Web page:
Here, I’m adding a few shot sequences from that set for the blog. The idea being that for a picture to actually be worth a thousand words requires a bit of context. The context or story can be about Mesa Arch at dawn or two Algerian boys looking at you from across a Paris square. But in both, the image is never fully abstract/formally artistic. The social context helps drive the Paris shot. The desert location and our experience of that is the context for a sunrise shot in Canyonlands. That image works on our imagination and feelings because it is a container for human experience.
A lot of photo coffee table books will have an introductory essay that gives context. Some of those can be excellent. But they aren’t generally written by the photographer. They are by a friend or hired writer — because most photographers really don’t want to be writers. I need to be doing both.
I need to write about something to fully explore the experience. Somehow, putting the context into language — how I saw the shot, what that place represents, becomes my springboard for deeper exploration. So that’s my story and I’m sticking to it.
Naples and the Herculaneum tour
Naples was the final stop on our Eastern Mediterranean cruise before we got to Civitavecchia, the harbor city that feeds Rome. I didn’t expect too much from Naples. It has a rep of been dirty and a little dangerous and most folks who visit leave with some version of that perspective. But some travelers see the jewel in the mud, the fallen woman with a heart of gold. And both perspectives have some truth.
We only had a day in Naples. In cruise ship speak that means we’re dropping you off at 9 and if you’re not back by 6, find you way to the next stop. So we decided on the Herculaneum tour — which would leave us enough time to explore a bit of the city.
Herculaneum is closer to the city than Pompeii, way closer. It’s part of the greater Naples metro area. Herculaneum is different from Pompeii in other ways as well. When the eruption of Vesuvius hit in 79 AD, Pompeii was directly downwind and was covered in volcanic ash and debris almost instantly. Herculaneum was buried hours later by a thick slop of mud and lava and ash that was harder to penetrate and far deeper, 20 meters under ground.
That’s why the town was discovered so late, in the 1730s. At that time, there were some great discoveries made but the work was never handled like a serious excavation until the 20th Century. The thick, muddy covering made excavation harder but it also meant that more was preserved:
Unlike Pompeii, the pyroclastic material at Herculaneum which covered it preserved wooden and other organic-based objects such as roofs, beds, doors, food and even some 300 skeletons [Wiki].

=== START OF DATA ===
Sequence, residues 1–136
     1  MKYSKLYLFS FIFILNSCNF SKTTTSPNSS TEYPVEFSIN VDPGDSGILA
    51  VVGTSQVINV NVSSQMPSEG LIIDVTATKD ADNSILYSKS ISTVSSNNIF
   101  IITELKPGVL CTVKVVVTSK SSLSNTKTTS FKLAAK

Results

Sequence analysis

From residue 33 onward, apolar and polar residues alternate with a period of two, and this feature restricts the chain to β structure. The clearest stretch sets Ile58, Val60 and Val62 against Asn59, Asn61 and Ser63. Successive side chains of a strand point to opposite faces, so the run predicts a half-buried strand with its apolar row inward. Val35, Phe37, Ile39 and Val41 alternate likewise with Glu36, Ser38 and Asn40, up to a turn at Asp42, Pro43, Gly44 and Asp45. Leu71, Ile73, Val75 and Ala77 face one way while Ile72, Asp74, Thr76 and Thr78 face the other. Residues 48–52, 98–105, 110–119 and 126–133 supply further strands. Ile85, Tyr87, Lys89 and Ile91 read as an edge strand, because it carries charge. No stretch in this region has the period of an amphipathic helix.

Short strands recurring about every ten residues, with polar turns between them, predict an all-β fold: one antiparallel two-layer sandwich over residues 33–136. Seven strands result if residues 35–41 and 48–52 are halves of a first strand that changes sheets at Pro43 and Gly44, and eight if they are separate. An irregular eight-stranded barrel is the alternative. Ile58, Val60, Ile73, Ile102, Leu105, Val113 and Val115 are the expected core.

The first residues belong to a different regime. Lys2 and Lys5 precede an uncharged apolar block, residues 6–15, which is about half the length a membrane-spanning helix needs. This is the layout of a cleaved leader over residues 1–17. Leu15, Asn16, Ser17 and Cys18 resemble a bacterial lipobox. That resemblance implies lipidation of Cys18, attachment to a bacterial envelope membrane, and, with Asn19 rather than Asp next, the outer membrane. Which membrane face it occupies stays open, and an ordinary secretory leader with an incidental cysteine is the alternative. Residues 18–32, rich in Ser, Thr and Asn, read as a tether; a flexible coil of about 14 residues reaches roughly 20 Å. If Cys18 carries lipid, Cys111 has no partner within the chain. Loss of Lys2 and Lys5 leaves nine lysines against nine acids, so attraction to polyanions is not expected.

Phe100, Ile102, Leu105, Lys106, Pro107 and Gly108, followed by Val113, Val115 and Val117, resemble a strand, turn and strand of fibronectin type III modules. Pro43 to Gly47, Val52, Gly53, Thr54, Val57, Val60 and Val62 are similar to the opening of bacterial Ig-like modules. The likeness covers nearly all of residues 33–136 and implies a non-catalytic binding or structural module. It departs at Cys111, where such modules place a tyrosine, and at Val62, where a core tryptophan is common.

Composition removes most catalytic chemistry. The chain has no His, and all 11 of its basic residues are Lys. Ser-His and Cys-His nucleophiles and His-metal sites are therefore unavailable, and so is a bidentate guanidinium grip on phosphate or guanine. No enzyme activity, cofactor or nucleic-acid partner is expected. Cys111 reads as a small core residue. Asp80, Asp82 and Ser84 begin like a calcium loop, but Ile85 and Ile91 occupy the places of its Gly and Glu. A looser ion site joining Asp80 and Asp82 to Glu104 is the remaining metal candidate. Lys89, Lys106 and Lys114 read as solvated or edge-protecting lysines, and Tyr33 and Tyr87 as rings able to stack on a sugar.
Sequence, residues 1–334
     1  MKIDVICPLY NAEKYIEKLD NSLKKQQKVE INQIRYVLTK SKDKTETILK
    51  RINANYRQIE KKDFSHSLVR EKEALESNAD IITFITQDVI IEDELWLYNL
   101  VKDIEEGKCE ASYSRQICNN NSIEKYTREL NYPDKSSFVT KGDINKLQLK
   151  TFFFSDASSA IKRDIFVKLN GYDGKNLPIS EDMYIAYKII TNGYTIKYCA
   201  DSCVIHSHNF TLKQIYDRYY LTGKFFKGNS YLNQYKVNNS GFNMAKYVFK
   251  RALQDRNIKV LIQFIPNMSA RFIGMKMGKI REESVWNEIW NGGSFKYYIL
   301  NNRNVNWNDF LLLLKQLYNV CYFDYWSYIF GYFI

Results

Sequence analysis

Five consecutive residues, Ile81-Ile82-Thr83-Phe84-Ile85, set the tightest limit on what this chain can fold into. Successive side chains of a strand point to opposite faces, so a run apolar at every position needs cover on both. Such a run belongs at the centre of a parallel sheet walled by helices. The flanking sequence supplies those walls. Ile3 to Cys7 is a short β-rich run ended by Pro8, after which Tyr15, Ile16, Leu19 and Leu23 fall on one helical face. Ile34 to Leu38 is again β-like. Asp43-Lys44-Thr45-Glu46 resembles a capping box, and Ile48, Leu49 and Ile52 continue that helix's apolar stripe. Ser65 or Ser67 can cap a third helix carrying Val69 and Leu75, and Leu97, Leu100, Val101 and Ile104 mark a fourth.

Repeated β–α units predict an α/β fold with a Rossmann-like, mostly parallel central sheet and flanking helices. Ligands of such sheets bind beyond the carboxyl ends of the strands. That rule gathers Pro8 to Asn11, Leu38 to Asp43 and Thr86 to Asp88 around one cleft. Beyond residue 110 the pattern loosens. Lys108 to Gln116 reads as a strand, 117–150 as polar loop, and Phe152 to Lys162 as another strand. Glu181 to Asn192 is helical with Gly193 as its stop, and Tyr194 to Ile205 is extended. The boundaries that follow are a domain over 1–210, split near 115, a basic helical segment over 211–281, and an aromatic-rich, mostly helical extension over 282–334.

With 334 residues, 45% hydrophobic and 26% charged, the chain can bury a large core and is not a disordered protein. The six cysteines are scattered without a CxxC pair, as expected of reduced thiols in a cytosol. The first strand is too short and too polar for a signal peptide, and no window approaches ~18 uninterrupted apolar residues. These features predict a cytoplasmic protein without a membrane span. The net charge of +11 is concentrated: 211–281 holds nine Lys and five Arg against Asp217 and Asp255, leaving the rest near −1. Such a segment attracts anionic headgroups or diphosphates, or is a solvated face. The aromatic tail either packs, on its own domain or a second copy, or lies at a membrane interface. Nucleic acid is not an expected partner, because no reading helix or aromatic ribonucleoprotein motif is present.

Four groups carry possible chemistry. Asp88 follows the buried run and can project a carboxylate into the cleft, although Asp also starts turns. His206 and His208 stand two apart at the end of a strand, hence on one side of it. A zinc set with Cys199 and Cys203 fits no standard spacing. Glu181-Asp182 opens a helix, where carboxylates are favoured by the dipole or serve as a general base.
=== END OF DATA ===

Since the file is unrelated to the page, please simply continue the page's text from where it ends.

Only a small part has been fully excavated, 6 or 8 blocks. And here you can see the eastern edge of the revealed area. Just a bit past this wall, you run into the modern metropolitan area, 3 and 4 story apartment complexes. You can see some of that in the top left of the shot.
The picture (below) of the statues shows the excavation background — and illustrates the fact that this entire town is below ground level.
The general and the two kids are all on top of platforms higher than the visitor’s head. I tried to get a shot of these sculptures from below at first. But the images were too much like a one dimensional scrapbook entry. Then I noticed a stairway that leads to a higher level of the town, further away from the Herculaneum port. And from this higher angle, I could create a relationship between the visual elements.
The town was a fairly exclusive Roman settlement and you can look anywhere in a building for art. Most walls seem to have had frescos like the one above.
This beautiful piece could be in the British Museum (they must wish they could grab it). And if it wasn’t built into the wall, it would probably be at the National Archeological Museum in Naples with most of the other loose sculpture and household pieces found at Herculaneum.
Here’s a room with theater masks on the walls. There’s enough stucco and mosaic stone on top of the brick substrate to see the level of decorative complexity:
Here’s the mosaic in a public bathhouse:
Herculaneum gives you a far more immersive view of the old Roman towns than Pompeii — even though that town is many times larger. The frescos at this site are better preserved, the workmanship is often better and the building structures are more intact.
It is disappointing that most of the good art is at the museum. But then, the town is totally open the the elements and the touch of the tourist and Italy doesn’t seem to want to spend money on security. A bigger disappointment is that the city (or Italy itself) hasn’t excavated more than a fraction of the old town.
According to our guide, the city authorities tried to convince the residents in the apartments that surround the site to move so they can excavate further. Everyone said no. The archeologists have zero clout, they don’t vote. So what could be the most complete example of Roman daily life is still buried under the weight of pyroclastic material.
There’s still a lot of excavation going on in the parts that have been put aside for the public trust. But even with so little of the building complex excavated, this is a great place to visit.